Getting From Here to There: Transitions

By Ryan Hickey + updated on December 22nd, 2009

Whether a full sentence or a single word, transitions can bridge the gap between a good essay and a great one. An essay without effective transitions is like a series of isolated islands; the reader will struggle to get from one point to the next and will probably end up frustrated or lose interest along the way. If the transitions in your essay are choppy, the first thing you should examine is the overall organization of the piece.

Awkward transitions are often symptomatic of poor organization. If the structure of the essay makes sense and the concepts follow each other logically, then transitions should write themselves. Thus, step one in creating effective transitions is ensuring that your essay is organized well.

Many applicants believe that creating an effective transition simply means using one of the mainstay transition words, such as however or furthermore. These become problematic when they are used too much, though, and instead of enhancing the logical flow of an essay can actually detract from it. Sometimes a writer will tack on a however at the front of a sentence in order to contradict a previous one, but fail to notice that the previous sentence expresses multiple ideas; how then is the reader to know which of those preceding ideas is being contradicted?

The best way to transition is to take baby steps in logic from one idea to another. Each sentence should add one more step to the argument without getting ahead of itself. One good tool is the use of keywords (or key concepts). In this method, a sentence introduces a concept and then the next sentence picks up this concept before introducing another one:

Looking back, I see that my family instilled within me a sense of social obligation. Given their example, I have always assumed that public service would be the underlying motivation for everything I do. This commitment to serving the public good has found its expression in foreign affairs. My fascination with international relations was inspired by my own mixed heritage and that of my native New Zealand, a country formed by a dynamic mix of European, Maori, Polynesian, and Asian cultures. Such an international perspective convinced me to leave my home and attend Harvard as an undergraduate.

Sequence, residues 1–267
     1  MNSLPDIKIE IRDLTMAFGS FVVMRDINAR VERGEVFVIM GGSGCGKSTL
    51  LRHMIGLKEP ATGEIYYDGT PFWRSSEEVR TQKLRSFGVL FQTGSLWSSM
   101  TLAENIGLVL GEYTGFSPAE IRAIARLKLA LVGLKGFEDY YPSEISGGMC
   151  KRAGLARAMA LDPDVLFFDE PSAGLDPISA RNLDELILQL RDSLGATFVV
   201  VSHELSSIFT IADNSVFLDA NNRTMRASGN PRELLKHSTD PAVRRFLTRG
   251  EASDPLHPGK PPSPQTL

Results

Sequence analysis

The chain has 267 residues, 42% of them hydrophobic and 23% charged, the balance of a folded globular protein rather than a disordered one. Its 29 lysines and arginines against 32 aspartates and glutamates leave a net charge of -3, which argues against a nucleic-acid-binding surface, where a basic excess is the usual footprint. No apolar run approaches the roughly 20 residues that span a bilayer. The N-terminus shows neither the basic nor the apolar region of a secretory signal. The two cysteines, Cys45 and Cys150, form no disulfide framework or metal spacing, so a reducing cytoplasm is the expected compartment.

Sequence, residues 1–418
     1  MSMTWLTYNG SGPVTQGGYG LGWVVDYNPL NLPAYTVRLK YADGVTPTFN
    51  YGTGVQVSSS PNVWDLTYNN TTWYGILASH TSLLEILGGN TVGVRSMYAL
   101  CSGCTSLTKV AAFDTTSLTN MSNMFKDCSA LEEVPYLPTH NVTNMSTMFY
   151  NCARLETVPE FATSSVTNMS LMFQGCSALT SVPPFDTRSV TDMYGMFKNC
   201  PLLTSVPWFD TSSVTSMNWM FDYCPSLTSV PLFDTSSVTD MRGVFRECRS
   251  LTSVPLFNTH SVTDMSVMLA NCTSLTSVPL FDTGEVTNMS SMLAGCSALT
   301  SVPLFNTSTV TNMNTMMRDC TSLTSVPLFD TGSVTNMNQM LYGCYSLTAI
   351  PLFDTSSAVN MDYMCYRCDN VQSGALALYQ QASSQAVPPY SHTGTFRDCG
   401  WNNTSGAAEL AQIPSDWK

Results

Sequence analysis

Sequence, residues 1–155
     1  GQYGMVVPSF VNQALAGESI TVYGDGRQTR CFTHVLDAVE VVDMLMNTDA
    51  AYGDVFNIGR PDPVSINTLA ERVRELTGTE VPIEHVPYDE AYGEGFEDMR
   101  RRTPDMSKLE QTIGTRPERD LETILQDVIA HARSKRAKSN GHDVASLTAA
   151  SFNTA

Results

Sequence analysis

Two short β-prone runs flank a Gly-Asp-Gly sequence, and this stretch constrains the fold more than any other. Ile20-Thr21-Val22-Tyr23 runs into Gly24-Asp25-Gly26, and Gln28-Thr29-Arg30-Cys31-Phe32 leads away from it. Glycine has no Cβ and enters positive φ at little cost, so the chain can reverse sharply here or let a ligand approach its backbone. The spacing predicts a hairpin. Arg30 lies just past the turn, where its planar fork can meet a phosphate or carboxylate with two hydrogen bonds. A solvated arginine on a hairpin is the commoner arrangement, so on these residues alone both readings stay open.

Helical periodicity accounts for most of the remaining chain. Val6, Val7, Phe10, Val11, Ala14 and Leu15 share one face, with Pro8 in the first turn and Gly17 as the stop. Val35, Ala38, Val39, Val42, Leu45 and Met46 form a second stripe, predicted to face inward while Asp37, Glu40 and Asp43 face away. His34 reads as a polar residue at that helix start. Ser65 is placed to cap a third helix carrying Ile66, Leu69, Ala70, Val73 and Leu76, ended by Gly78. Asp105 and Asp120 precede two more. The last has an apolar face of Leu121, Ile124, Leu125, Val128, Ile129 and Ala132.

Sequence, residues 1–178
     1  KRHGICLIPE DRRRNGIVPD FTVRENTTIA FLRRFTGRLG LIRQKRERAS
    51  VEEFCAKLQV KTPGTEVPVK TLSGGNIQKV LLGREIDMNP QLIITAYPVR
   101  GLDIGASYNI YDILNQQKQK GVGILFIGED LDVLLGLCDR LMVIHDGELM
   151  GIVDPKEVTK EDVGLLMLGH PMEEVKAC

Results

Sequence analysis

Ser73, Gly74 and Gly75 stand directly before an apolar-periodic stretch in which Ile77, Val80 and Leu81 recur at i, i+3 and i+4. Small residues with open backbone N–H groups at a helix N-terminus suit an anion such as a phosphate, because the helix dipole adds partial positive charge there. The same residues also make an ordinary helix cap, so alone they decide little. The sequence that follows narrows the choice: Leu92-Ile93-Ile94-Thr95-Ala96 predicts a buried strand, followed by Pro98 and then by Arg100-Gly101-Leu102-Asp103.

Here, the key concepts provide a logical bridge from one sentence to the next:

family’s influence –> social obligation / public service –> foreign affairs / international relations –> mixed heritage / international perspective –> leaving home to go abroad

This paragraph might rely too heavily on key words, but it is presented here to show what an extremely logical and effective progression of ideas looks like.

Beyond organization and transition words, a lesser-known trick to improve transitions is to use short paragraphs, limiting each to its own specific detail or idea. Because most students are accustomed to writing lengthy papers, applicants often compose essays consisting of 2-3 large paragraphs. Given the limits placed on length in most application essay prompts, however, short paragraphs are usually much more effective.

Short paragraphs make an essay more readable by allowing the reader to absorb concepts in small packages. They also give each idea its own moment in the reader’s mind. A well-placed paragraph break can often work in lieu of a verbal transition by highlighting subtle differences or adding a dramatic pause. It saves the reader from having to think about these nuances.

All EssayEdge editors are well versed in the art of effective transitions. They can help you ensure that your piece is organized as well as possible while smoothing breaks between paragraphs and ideas.

Finally, happy holidays from everyone here at EssayEdge! Be sure to check back frequently over the coming days… you don’t want to miss the gift we’ll be giving out on December 25th!

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Ryan Hickey

Ryan Hickey is Managing Editor of Peterson's & EssayEdge and an expert in many aspects of college, graduate, and professional admissions. A graduate of Yale University, Ryan has worked in various admissions capacities for nearly a decade, including writing test-prep material for the SAT, AP exams, and TOEFL, editing essays and personal statements, and consulting directly with applicants. He enjoys sharing his knowledge to aid others in achieving their educational goals and, when he gets a break, loves hiking and fly fishing with his wife and two border-collie mixes.

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